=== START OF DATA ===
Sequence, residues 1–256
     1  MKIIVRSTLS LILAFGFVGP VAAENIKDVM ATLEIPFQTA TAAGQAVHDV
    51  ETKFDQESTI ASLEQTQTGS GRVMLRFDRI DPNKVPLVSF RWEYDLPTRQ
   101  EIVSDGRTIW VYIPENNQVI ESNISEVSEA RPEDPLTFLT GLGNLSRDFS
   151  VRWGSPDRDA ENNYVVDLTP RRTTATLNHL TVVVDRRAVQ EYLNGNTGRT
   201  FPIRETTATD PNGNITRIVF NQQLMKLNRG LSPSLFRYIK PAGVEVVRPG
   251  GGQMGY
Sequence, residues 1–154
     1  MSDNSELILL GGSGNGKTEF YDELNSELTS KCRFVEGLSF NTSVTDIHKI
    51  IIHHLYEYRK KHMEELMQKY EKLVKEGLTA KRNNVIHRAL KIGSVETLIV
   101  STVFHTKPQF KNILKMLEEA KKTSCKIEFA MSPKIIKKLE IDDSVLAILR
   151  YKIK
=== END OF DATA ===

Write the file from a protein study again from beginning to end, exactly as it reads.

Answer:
Sequence, residues 1–256
     1  MKIIVRSTLS LILAFGFVGP VAAENIKDVM ATLEIPFQTA TAAGQAVHDV
    51  ETKFDQESTI ASLEQTQTGS GRVMLRFDRI DPNKVPLVSF RWEYDLPTRQ
   101  EIVSDGRTIW VYIPENNQVI ESNISEVSEA RPEDPLTFLT GLGNLSRDFS
   151  VRWGSPDRDA ENNYVVDLTP RRTTATLNHL TVVVDRRAVQ EYLNGNTGRT
   201  FPIRETTATD PNGNITRIVF NQQLMKLNRG LSPSLFRYIK PAGVEVVRPG
   251  GGQMGY
Sequence, residues 1–154
     1  MSDNSELILL GGSGNGKTEF YDELNSELTS KCRFVEGLSF NTSVTDIHKI
    51  IIHHLYEYRK KHMEELMQKY EKLVKEGLTA KRNNVIHRAL KIGSVETLIV
   101  STVFHTKPQF KNILKMLEEA KKTSCKIEFA MSPKIIKKLE IDDSVLAILR
   151  YKIK